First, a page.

TOPEKA, Kan. — She was a blur of motion — leading the school step-dance team, working long hours after school at a beauty products store, mentoring younger students and caring for her siblings. So TaTy’Terria Gary, a senior at Topeka High School, had little time last fall to study for the ACT college admission test.
She was crushed when she scored below the threshold for admission to some local universities. She saw her dreams of being the first in her family to go to college and becoming a gynecologist turning to dust.
“I was angry at myself,” she said. “I had underestimated the test.”
College is the great leveler of American life, and the great divider, too. College graduates typically earn more money, are more satisfied with their jobs and are less likely to be on public assistance than people with only high school degrees. Students understand this; the aspiration to go to college is now almost universal.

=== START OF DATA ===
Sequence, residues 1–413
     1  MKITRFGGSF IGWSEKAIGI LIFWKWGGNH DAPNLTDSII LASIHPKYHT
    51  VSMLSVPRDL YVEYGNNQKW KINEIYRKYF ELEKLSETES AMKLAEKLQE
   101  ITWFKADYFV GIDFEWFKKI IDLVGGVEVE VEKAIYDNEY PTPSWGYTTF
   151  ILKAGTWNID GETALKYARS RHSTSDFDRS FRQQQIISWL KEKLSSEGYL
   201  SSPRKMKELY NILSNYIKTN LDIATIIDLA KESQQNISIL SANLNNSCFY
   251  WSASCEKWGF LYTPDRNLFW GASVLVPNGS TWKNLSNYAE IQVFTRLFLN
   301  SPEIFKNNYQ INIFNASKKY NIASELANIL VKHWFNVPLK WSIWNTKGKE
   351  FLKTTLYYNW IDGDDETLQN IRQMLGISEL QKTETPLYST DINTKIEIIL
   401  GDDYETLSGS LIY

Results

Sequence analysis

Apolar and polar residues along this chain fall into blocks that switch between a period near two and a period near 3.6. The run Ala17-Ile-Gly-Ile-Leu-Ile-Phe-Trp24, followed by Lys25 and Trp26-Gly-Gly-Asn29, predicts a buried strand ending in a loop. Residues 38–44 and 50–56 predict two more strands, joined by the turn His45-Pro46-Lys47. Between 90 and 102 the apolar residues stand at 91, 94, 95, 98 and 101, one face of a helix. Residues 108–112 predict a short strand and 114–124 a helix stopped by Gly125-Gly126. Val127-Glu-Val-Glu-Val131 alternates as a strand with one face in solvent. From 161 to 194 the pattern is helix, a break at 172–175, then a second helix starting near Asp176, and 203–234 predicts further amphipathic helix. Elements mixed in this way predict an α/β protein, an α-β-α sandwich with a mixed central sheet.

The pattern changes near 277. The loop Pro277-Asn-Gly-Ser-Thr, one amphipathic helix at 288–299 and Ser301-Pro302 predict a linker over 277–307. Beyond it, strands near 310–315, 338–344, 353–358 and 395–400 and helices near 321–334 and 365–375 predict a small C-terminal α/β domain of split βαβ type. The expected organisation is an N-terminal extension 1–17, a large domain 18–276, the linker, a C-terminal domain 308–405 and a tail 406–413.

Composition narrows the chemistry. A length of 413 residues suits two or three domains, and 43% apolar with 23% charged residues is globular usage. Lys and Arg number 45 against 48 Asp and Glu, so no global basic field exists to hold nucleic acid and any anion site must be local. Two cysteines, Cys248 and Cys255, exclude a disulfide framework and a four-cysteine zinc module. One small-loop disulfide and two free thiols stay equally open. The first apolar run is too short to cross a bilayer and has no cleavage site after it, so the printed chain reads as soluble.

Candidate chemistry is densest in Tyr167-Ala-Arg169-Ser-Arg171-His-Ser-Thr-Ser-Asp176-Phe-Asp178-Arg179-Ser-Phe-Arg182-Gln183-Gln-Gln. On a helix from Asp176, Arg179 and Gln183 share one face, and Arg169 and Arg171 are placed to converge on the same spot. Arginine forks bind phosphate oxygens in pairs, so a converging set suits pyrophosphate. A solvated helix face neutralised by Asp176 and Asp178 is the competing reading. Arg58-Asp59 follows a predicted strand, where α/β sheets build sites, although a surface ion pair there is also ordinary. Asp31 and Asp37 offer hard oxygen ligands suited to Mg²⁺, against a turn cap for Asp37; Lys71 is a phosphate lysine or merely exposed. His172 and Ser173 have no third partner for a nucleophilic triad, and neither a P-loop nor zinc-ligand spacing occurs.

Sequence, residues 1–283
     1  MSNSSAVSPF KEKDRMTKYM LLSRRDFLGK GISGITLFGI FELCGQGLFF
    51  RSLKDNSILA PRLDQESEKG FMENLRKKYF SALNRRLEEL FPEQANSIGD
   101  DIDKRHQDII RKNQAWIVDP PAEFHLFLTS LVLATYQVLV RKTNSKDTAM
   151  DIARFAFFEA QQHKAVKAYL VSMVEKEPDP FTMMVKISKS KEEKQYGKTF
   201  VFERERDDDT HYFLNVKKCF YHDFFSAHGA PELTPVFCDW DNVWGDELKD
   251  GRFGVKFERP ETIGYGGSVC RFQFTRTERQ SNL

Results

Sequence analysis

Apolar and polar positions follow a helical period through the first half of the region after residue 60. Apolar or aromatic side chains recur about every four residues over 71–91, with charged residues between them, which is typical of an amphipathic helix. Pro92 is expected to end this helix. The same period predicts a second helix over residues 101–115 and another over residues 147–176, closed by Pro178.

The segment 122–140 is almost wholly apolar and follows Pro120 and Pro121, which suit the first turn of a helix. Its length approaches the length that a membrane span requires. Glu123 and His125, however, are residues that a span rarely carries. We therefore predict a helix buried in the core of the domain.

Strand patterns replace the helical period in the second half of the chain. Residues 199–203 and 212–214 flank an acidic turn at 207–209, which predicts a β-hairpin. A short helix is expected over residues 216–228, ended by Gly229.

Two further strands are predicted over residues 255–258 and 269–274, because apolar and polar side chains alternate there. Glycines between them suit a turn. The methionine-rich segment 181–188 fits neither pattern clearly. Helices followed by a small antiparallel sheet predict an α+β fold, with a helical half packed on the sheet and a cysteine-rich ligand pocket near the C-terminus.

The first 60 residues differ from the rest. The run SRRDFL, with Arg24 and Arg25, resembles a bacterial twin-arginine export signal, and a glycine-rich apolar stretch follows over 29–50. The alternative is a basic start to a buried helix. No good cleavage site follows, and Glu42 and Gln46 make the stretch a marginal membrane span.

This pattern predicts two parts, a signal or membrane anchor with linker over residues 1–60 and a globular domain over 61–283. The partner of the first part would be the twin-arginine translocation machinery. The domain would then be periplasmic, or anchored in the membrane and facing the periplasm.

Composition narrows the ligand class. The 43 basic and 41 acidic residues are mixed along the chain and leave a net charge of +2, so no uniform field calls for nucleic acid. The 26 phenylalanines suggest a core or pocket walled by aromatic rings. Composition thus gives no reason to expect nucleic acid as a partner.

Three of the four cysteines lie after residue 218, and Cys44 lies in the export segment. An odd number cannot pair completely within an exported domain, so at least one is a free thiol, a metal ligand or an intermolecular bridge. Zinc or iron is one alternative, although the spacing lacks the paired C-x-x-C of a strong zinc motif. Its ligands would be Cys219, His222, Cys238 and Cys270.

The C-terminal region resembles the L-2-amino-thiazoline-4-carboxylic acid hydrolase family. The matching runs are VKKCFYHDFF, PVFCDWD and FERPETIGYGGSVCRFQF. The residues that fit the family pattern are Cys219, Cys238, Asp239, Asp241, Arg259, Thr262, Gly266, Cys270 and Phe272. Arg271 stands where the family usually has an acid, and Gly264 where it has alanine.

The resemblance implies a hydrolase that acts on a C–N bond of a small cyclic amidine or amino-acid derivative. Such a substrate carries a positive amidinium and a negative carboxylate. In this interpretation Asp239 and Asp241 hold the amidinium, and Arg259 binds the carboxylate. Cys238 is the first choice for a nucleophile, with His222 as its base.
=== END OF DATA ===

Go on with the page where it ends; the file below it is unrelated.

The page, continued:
Getting there, though, is another matter.
For young people with college-educated parents, the path to higher education may be stressful, but there is a road map. If their standardized test scores are too low, they can pay for a prep course; if their essay is lackluster, they can hire a writing coach. No one will be the wiser. If they can’t decide which college is the “best fit,” they can visit. When they are tempted to give up, their parents will push them on.
But for many working-class students, like TaTy and most of her classmates at Topeka High, there is no money for test prep or essay help. The alternatives to higher education — joining the military, working for $13 an hour at the local factory or getting a cheaper, faster trade-school certificate — are alluring. The cost of college may seem formidable.
At a basic level, many of these students simply lack the knowledge of how to manage the increasingly complex college applications process.
“They know that everybody goes to college, and they don’t know what that means,” said Robert D. Putnam, a public policy professor at Harvard, whose book “Our Kids” looks at the widening class divisions in America. “They’re going down that path without anybody holding their hands.”
Among the barriers are less quantifiable psychological ones. Students who are not exposed to a college-going culture have trouble even imagining themselves at a university, beyond, perhaps, a community college close to home.
“You need someone to tell you at the critical moment, ‘You can do this,’” said Harold O. Levy, executive director of the Jack Kent Cooke Foundation, which gives scholarships to low-income students.